Mongolia promised its people a “COVID-free summer.” Bahrain said there would be a “return to normal life.” The tiny island nation of the Seychelles aimed to jump-start its economy.
All three put their faith, at least in part, in easily accessible Chinese-made vaccines, which would allow them to roll out ambitious inoculation programs at a time when much of the world was going without.
But instead of freedom from the coronavirus, all three countries are now battling a surge in infections.
China kicked off its vaccine diplomacy campaign last year by pledging to provide a shot that would be safe and effective at preventing severe cases of COVID-19. Less certain at the time was how successful it and other vaccines would be at curbing transmission.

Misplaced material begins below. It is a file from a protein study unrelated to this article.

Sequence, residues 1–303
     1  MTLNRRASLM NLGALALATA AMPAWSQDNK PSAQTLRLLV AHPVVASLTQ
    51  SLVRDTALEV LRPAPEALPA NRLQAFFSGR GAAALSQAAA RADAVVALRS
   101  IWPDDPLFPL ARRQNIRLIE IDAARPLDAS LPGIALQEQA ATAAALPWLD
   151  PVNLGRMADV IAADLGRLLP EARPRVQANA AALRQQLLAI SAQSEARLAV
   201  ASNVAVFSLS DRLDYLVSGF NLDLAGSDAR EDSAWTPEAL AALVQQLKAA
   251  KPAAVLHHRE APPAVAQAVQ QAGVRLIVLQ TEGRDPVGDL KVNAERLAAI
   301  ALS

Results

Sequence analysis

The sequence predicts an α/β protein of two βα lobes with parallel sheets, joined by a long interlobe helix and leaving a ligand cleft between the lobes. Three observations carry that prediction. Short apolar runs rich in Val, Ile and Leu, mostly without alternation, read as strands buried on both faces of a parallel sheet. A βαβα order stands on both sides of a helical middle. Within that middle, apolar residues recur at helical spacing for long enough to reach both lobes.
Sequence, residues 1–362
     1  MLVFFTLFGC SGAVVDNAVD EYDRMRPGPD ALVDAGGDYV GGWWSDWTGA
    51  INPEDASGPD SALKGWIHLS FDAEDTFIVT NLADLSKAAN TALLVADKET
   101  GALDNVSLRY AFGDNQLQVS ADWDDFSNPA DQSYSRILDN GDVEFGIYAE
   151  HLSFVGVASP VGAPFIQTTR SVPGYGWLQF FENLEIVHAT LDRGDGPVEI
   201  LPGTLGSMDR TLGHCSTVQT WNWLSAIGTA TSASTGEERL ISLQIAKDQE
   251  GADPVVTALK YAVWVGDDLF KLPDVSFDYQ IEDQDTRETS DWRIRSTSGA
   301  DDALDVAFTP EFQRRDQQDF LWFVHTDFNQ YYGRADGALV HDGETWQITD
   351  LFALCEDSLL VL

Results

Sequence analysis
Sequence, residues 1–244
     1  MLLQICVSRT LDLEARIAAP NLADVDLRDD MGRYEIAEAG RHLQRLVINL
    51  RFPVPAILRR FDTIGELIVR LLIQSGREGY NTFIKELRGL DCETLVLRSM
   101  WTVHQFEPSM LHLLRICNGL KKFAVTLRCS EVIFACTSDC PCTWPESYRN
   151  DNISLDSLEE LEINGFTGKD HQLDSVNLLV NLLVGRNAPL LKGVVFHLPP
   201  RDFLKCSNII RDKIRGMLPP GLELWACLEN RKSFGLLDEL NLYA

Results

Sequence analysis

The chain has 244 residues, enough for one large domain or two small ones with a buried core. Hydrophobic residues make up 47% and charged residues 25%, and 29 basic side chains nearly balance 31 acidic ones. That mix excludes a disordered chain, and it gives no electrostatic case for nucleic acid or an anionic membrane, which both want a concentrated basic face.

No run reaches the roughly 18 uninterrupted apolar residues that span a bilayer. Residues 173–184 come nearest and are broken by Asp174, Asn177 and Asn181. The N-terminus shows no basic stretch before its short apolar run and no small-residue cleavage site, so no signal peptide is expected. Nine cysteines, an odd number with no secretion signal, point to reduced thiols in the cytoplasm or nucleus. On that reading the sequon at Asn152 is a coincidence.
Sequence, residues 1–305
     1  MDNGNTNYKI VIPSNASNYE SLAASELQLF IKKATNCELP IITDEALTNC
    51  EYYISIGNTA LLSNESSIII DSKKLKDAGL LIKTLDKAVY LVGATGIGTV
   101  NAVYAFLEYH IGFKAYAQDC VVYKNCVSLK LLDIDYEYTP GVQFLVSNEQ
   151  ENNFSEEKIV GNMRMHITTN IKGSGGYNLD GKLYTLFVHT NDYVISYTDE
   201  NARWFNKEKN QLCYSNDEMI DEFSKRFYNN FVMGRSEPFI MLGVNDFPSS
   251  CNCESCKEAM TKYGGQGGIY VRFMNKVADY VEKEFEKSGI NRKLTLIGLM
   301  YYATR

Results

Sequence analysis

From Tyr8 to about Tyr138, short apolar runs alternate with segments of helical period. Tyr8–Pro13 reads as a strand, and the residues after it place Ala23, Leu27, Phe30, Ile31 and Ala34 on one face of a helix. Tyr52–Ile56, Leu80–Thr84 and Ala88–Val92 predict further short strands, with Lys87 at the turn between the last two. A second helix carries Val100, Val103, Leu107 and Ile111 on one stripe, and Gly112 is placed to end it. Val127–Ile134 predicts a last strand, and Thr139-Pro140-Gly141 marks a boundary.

Now, examples from several countries suggest that the Chinese vaccines may not be very effective at preventing the spread of the virus, particularly the new variants. The experiences of those countries lay bare a harsh reality facing a post-pandemic world: The degree of recovery may depend on which vaccines governments give to their people.
In the Seychelles, Chile, Bahrain and Mongolia, 50% to 68% of the populations have been fully inoculated, outpacing the United States, according to Our World In Data, a data tracking project. All four ranked among the top 10 countries with the worst COVID outbreaks as recently as last week, according to data from The New York Times. And all four are mostly using shots made by two Chinese vaccine makers, Sinopharm and Sinovac Biotech.